Special is a good thing. Also very cliche, but good.

Your children, your friends, your coworkers even your family are all different. Just like me.

VERY different. You might not know this, but I promise if you look behind you at your beautiful children playing on the floor you will see it.

Here look, I’ll show you

Child Number 1: Is building a well thought-out and smartly designed layout of New York with the blocks and foam rings you have so graciously provided for your kids. He is quiet and methodical, and you can see his little hands carefully putting each of the plastic toys in their well thought out place, one step closer to completing his masterpiece.

Child Number 2: Has just put a ring and  brick together named it baby Abby and now she is feeding the blocks with a stick that has seemed to turn into sustenance. In her little eyes you can see the caring as she gently takes care of and with gentle hands provides and cares for this imaginary creature, that she genuinely believes to be alive and need caring for.

Child Number 3: (me) Is throwing the blocks at child Number 1 and child Number 2. Oh, and is now come up with a war cry that involves the words “kill” and “lunch time” and has begun throwing the toys you so so graciously gave to him use constructively……At you.

Guess what…. This is beautiful. They all, are completely different, and all of them, are exactly who they are supposed to be. But unfortunately this is not what they will hear as they go from class to class and peer-to-peer. They will hear that they are not fitting in the right way. They’re not learning in they style they should. They will feel stupid when; they can’t spell chrysanthemum, or know how to find X and the square root or 67,910,998,189. I remember thinking that somehow there was something wrong with me, when my friends would talk about calculus after class, because to be honest I didn’t know if they we speaking in a unknown language, or maybe they had joined a cult that used insanely baffling sounding equations to confuse and destroy the ones like me.

But what I wasn’t told by this world/school/all of my peers, is that I wasn’t made to do math, or be a good speller. Not that those things are bad, and honestly the people who ARE good at them amaze me. But that’s not how I was made. I was made to love music and performing, to enjoy words, and not just grammar! I was made special. And so were you. I promise the person you’re sitting next to you, or the child playing with your kid right now, is both better and worse at different things. That’s beautiful.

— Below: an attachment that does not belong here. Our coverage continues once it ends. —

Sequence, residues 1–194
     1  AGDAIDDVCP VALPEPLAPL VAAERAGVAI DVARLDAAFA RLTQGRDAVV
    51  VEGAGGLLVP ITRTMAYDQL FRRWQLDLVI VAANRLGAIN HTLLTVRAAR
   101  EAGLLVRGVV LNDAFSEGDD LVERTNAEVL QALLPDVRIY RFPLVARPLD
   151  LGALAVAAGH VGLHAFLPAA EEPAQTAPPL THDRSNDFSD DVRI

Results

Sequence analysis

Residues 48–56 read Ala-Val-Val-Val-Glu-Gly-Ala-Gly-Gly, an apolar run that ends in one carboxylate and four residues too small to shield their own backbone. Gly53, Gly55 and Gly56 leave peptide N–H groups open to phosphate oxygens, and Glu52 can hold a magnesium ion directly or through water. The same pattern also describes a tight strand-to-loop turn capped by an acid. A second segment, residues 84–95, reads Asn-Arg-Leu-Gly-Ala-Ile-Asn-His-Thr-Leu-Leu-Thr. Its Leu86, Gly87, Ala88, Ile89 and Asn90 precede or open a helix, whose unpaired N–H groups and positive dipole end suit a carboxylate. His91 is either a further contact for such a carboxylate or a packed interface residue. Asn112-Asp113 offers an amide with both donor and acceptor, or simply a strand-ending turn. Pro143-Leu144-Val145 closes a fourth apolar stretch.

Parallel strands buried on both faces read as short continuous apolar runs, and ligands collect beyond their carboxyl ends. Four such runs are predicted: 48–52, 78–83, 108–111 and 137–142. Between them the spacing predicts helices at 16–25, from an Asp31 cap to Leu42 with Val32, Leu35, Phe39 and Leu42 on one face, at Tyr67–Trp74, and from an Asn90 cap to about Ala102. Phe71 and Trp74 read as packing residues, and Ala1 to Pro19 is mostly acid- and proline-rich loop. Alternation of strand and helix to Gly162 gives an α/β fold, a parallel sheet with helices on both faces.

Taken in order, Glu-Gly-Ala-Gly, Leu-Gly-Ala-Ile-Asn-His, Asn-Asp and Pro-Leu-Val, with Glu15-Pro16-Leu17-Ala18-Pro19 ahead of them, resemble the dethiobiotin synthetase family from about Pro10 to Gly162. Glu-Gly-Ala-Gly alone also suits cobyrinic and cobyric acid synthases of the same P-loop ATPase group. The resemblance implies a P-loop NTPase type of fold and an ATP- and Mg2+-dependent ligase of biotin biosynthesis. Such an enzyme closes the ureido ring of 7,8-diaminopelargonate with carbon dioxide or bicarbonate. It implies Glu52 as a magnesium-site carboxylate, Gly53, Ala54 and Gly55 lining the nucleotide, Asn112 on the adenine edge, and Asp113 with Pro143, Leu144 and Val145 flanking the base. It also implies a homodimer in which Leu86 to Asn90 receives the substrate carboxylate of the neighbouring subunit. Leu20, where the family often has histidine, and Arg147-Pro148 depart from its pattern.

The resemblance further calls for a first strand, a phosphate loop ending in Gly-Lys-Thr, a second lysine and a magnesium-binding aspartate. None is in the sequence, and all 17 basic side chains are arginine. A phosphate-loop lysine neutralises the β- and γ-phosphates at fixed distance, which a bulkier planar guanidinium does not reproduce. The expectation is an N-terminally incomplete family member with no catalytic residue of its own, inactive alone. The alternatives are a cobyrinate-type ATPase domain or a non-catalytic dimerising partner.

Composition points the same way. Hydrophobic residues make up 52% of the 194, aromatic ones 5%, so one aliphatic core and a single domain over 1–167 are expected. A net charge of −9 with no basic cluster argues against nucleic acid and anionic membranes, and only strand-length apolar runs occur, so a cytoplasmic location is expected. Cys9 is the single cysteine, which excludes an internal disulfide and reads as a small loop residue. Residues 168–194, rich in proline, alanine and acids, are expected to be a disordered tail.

We are all made beautifully and wonderfully and each of our individual strengths are made to compliment and help each other. We were made like this so we would need each other. Unfortunately we as humans seem to want to put people into a box, we earnestly desire for things to all fit into to what we deem as normal.

Well let me blow your mind right now. NONE of us are normal, BUT all of us are special. I know, very cliché, but true.

So what are we, today; going to do to realize that we are made special. AND how are we going to show those around us they are made beautifully and just the way they should be?


21 thoughts on “Special is a good thing. Also very cliche, but good.

  1. This is a fabulous post. Thank you for sharing so articulately a very important truth. I “shared” it on my fb. I have four fantastic children, all different and special in their own ways.

    Silly admission. Years ago after I read about you in one of your mom’s books I actually asked the LORD if you could please marry my daughter. (He didn’t say yes, btw, so you’re safe!) But I love the heart she wrote about and the unique ways HE is shaping you for HIS purposes. I have prayed off and on for your journey. I know the LORD is using you. May He make you fruitful beyond your wildest dreams.

  2. Oh Nathan, thank you from the bottom of my heart for this post. I have 3 boys and deal with autism, adhd, anxiety and also a bunch of noise and building and joy! I often wonder if I’m failing my boys as those around me fling those poison arrows at my heart and mind telling me what I might be doing wrong.

    Your words have fortified and encouraged me today. Bless you!!!

    • That’s so awesome! You’re doing great! I can only imagine how it must be. But they are all made different, but all made exactly how God wanted them! I grew up with one of those conditions and have come to now see its exactly how God wanted me to be! Thanks so much.

  3. Nathan, this is great! What a wonderful thing to be reminded of–from the “kid’s” point of view, not just one mom to another. Absolutely true; we’re all masterpieces–poems–polka-dotted pieces of art created by God. I pray everyone who reads your words today is encouraged to value their unique children more because of this post!

  4. Thank you for your encouraging post. Encouraging, because as I type this, my 5-yr-old son is tearing his brother’s track apart and taking his brother’s cars (to make his brother chase him), and I look at him with your post in mind and just smile (although I do correct him). 🙂

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